by Mitch Kokai
Senior Political Analyst, John Locke Foundation
Editors at the Washington Examiner criticize U.S. Attorney General Merrick Garland for failing to do his job.
Leftist demonstrators are again targeting the homes of Supreme Court justices, and again Attorney General Merrick Garland won’t enforce the law to protect the judicial process from intimidation.
Admirably, four Republican senators are demanding that Garland do his job. Failure to comply should disqualify Garland from office.
The right of free speech has never extended to the right to harass. And while speech rights are broadest when they involve the political process, they are arguably weakest when intended to affect the impartial administration of justice, which is meant as an entirely apolitical enterprise. This is why federal law 18 USC 1507 makes it illegal to, “with the intent of influencing any judge … picket or parade [in or near] a residence occupied” by a judge. Note that this law, like laws regarding jury tampering and similar conduct, has been adjudged entirely constitutional and not in conflict with the First Amendment.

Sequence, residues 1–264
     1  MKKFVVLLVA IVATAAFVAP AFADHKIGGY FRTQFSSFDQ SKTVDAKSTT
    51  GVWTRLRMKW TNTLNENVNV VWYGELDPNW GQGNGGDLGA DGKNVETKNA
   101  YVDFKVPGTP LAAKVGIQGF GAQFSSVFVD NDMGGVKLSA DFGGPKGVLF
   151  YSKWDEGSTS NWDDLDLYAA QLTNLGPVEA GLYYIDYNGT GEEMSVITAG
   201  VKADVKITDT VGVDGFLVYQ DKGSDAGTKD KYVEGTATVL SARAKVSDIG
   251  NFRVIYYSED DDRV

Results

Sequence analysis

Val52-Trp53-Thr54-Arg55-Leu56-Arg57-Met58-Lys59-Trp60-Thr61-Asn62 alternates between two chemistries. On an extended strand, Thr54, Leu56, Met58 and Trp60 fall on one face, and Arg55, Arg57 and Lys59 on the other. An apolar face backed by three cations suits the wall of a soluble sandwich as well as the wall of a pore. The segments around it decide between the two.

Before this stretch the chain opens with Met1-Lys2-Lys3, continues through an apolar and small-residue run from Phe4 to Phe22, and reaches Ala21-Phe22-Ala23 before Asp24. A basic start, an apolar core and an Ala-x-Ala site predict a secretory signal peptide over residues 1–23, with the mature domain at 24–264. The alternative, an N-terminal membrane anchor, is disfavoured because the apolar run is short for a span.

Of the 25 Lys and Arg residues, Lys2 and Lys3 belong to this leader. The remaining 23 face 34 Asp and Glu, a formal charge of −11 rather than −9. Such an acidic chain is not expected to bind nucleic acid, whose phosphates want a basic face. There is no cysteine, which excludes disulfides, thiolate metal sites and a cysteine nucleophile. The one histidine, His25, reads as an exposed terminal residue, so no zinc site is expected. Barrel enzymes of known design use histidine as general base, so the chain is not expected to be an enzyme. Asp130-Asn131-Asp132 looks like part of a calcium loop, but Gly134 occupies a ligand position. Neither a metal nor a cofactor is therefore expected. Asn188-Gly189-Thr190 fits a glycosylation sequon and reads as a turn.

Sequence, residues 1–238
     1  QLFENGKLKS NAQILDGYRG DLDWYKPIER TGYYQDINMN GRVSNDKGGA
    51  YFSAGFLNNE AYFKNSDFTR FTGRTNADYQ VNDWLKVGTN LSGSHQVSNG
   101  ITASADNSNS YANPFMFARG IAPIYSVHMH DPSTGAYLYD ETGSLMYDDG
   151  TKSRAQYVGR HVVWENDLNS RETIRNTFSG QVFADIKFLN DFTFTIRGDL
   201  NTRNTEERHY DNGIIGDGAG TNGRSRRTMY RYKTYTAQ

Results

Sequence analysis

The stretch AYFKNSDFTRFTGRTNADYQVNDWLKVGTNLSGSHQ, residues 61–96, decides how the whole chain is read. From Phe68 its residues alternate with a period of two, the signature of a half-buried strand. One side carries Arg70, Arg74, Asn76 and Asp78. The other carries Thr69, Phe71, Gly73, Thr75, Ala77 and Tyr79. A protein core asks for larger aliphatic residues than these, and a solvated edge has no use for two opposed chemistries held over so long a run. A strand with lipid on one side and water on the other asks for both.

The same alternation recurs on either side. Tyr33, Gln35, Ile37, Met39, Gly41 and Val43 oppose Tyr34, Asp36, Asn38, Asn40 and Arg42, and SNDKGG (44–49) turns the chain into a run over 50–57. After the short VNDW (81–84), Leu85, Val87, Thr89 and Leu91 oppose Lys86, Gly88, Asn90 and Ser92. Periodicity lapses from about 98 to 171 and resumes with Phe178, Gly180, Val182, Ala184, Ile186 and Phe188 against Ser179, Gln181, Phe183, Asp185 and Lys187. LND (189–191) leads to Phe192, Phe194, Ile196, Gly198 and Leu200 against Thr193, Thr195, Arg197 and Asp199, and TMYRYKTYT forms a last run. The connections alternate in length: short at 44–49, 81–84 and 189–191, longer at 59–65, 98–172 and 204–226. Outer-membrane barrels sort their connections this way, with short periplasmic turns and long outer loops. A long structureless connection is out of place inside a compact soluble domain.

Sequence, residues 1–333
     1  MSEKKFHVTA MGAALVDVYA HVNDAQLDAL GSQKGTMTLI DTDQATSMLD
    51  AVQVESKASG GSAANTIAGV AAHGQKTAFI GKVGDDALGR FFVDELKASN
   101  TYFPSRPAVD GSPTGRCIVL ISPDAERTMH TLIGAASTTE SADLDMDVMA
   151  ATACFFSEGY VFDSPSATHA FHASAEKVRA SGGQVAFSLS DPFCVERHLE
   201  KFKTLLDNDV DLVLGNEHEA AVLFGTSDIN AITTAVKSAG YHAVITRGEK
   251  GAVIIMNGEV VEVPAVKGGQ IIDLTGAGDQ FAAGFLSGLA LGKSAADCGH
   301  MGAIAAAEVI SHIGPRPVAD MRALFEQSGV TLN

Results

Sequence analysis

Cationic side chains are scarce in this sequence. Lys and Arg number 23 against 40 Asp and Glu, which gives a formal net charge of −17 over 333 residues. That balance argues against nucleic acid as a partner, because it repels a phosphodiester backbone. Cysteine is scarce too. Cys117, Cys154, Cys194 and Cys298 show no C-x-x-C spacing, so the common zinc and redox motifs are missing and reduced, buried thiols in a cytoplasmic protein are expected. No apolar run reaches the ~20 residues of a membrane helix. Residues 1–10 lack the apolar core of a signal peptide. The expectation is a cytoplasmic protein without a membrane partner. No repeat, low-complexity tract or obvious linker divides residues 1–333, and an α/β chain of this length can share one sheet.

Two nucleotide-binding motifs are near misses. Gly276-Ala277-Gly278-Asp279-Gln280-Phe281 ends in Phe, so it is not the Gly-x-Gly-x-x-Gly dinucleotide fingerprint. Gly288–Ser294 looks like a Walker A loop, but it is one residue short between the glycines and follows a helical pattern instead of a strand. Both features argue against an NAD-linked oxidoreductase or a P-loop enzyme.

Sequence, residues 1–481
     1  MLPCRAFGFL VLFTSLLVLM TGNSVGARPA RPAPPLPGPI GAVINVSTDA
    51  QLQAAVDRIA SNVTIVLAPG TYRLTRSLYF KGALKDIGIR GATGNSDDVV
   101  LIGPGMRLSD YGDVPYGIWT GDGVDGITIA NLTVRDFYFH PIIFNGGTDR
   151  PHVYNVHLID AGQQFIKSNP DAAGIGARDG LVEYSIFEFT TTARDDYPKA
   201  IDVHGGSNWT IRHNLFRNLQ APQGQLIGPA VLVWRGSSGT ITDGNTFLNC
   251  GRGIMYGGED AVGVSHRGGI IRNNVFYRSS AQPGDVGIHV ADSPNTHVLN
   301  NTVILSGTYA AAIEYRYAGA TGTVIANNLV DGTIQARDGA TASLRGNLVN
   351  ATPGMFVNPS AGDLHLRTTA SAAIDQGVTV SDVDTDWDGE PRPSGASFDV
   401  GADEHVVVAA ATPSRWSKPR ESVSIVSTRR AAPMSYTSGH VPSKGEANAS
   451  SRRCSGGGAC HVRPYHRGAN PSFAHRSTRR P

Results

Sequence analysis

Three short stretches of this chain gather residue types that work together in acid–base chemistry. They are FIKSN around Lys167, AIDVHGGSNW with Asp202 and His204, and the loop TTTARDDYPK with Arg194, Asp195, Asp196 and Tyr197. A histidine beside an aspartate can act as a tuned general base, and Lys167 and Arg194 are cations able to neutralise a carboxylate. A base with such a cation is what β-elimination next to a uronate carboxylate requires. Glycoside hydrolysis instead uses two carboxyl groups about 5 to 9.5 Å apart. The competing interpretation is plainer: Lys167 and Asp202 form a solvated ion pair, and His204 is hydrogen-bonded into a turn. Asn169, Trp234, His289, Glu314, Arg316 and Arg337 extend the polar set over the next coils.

Leftist activists have ignored this law for the past 18 months or so, sporadically but at times quite vociferously, in an effort to pressure the justices about abortion and other areas facing the Supreme Court. They have even done so at the home of Justice Amy Coney Barrett, who has young children. Separate from the protests, several justices have been targeted with death threats. Justice Brett Kavanaugh was the target of major harassment at a restaurant and, most frighteningly, an aborted assassination attempt by a man outside his house. Kavanaugh, it should be noted, had two minor daughters at home.
When numerous Republican officials complained that the Justice Department wasn’t enforcing the law, Garland tried to pawn off the decision on local marshals who, he said, had discretionary authority to determine whether arrests were warranted.